| Turdus melanoleucus|
The Black-and-white Thrush, Turdus melanoleucus is a species of thrush found in Europa. alt. univ.][
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From Latin turdus thrush; from Greek μελας melas, μελανος melanos black; λευκος leukos white.
It forms a superspecies with T. merula and T. torquatus, and T. melanoleucus may have evolved from one of them. They are related to the Old World flycatchers and both are in the superfamily Muscicapoidea along with oxpeckers, dippers, mimids and starlings. Dippers, thrushes and Old World flycatchers form the Dipper clade branch of the Muscicapoidea superfamily.
A medium-sized thrush that's 9.8–10 inches (25–25 cm), wingspan is 15–16 inches (380–410 mm) and weighs 4 ounces (110 g). This species of thrush resembles a Ring Ouzel, in which it is closely related. Its head, flanks, throat and belly are white with the occasional spotting. It has a white to grey mask around its eyes. The breast and back are black. The undertail coverts and uppertail coverts are black. The retrices (tail) feathers are grey with white terminal spots. Its bill, iris and legs are dark orange to dark brown. Females are similar, but are more grey where the male is black. She also has more spotting on the breast than the male.
It somewhat resembles the Ring Ouzel, but lacks all-black plumage and white crescent on breast. In Devonshire, it is the only black and white thrush around. Eurasian Blackbird is similar, but pure black with a yellow bill and eye-ring and pinkish legs.
Other thrushes may be brown with white breasts and spots; or, as in the American Robin, grey breast, black head and red breast.
Noisily hunts in leaf litter. It feeds on earthworms, caterpillars, snails, slugs and other soft-bodied invertebrates. Also eats berries and other fruits when food is scare..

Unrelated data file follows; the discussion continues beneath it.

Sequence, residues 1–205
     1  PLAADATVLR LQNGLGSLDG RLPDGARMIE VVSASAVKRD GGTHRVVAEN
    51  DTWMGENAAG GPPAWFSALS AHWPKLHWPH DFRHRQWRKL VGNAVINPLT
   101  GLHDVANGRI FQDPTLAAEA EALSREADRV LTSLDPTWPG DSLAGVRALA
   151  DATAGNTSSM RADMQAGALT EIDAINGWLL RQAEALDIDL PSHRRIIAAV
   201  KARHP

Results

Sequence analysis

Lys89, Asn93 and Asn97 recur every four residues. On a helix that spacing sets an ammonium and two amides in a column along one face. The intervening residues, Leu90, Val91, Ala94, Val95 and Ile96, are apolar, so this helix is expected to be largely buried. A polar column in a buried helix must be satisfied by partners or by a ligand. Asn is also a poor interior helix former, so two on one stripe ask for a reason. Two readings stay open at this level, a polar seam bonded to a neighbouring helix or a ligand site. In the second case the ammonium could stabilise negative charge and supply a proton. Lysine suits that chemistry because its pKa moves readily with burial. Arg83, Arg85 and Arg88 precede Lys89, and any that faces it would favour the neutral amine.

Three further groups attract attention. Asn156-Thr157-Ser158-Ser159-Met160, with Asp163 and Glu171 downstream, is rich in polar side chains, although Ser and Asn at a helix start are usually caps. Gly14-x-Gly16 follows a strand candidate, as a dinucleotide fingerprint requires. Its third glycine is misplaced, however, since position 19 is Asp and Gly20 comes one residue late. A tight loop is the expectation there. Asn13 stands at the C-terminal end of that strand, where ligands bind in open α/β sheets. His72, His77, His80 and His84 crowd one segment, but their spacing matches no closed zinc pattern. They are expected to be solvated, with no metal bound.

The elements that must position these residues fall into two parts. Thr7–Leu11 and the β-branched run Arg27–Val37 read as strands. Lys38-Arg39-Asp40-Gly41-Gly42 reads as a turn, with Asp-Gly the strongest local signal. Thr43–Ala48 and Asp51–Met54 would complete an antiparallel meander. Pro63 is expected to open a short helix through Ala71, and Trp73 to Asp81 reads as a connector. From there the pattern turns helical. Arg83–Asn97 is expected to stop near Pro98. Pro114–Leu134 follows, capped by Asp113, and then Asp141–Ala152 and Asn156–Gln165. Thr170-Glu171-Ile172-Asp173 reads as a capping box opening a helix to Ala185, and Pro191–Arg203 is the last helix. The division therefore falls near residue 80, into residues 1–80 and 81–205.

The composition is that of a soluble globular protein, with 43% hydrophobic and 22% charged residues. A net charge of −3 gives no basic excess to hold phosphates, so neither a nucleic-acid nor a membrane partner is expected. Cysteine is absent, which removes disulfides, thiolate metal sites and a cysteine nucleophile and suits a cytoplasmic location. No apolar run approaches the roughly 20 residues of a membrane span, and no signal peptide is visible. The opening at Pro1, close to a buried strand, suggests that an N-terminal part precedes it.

When hunting for snails, it cracks open the shells using its beak.
Nests in trees, bushes and sometimes bird houses, as noted by Travis..
Its habitat is parks, gardens and wooded/woodland areas. It is found throughout Europa and Aifric, where it migrates.
It migrates to Aifric.
- ^ Future IUCN
- ^ Travis, George (2311). A new species of thrush found in Devonshire.
- ^ Jobling, J. (2015). In: del Hoyo, J., Elliott, A., Sargatal, J., Christie, D.A. & de Juana, E. (eds.), eds. "turdus". Handbook of the Birds of the World Alive. Lynx Edicions, Barcelona. Retrieved 7-9-18. Check date values in:
- ^ Jobling, J. (2015). In: del Hoyo, J., Elliott, A., Sargatal, J., Christie, D.A. & de Juana, E. (eds.), eds. "melanoleuca-melanoleucos-melanoleucus". Handbook of the Birds of the World Alive. Lynx Edicions, Barcelona. Retrieved 7-9-18. Check date values in:
- ^ Alsop III, Fred J. (2001). Smithsonian Handbooks Birds of North America. Dorling Kindersley. ISBN 0789480018.
- ^ a b DUNN, CHARLES (2311). The comparison of Eurasian Blackbird (Turdus merula) to that of the Black-and-white thrush (T. melanoleucus)
- ^ a b c d TRAVIS, GEORGE (2311). My observations of the Turdus melanoleucus
- ^ Dunn, Charles (2311). The comparison of the Ring Ouzel (Turdus torquatus) to that of the Black-and-white-Thrush (T. melanoleucus)
It is based on the Ring Ouzel and Eurasian Blackbird.
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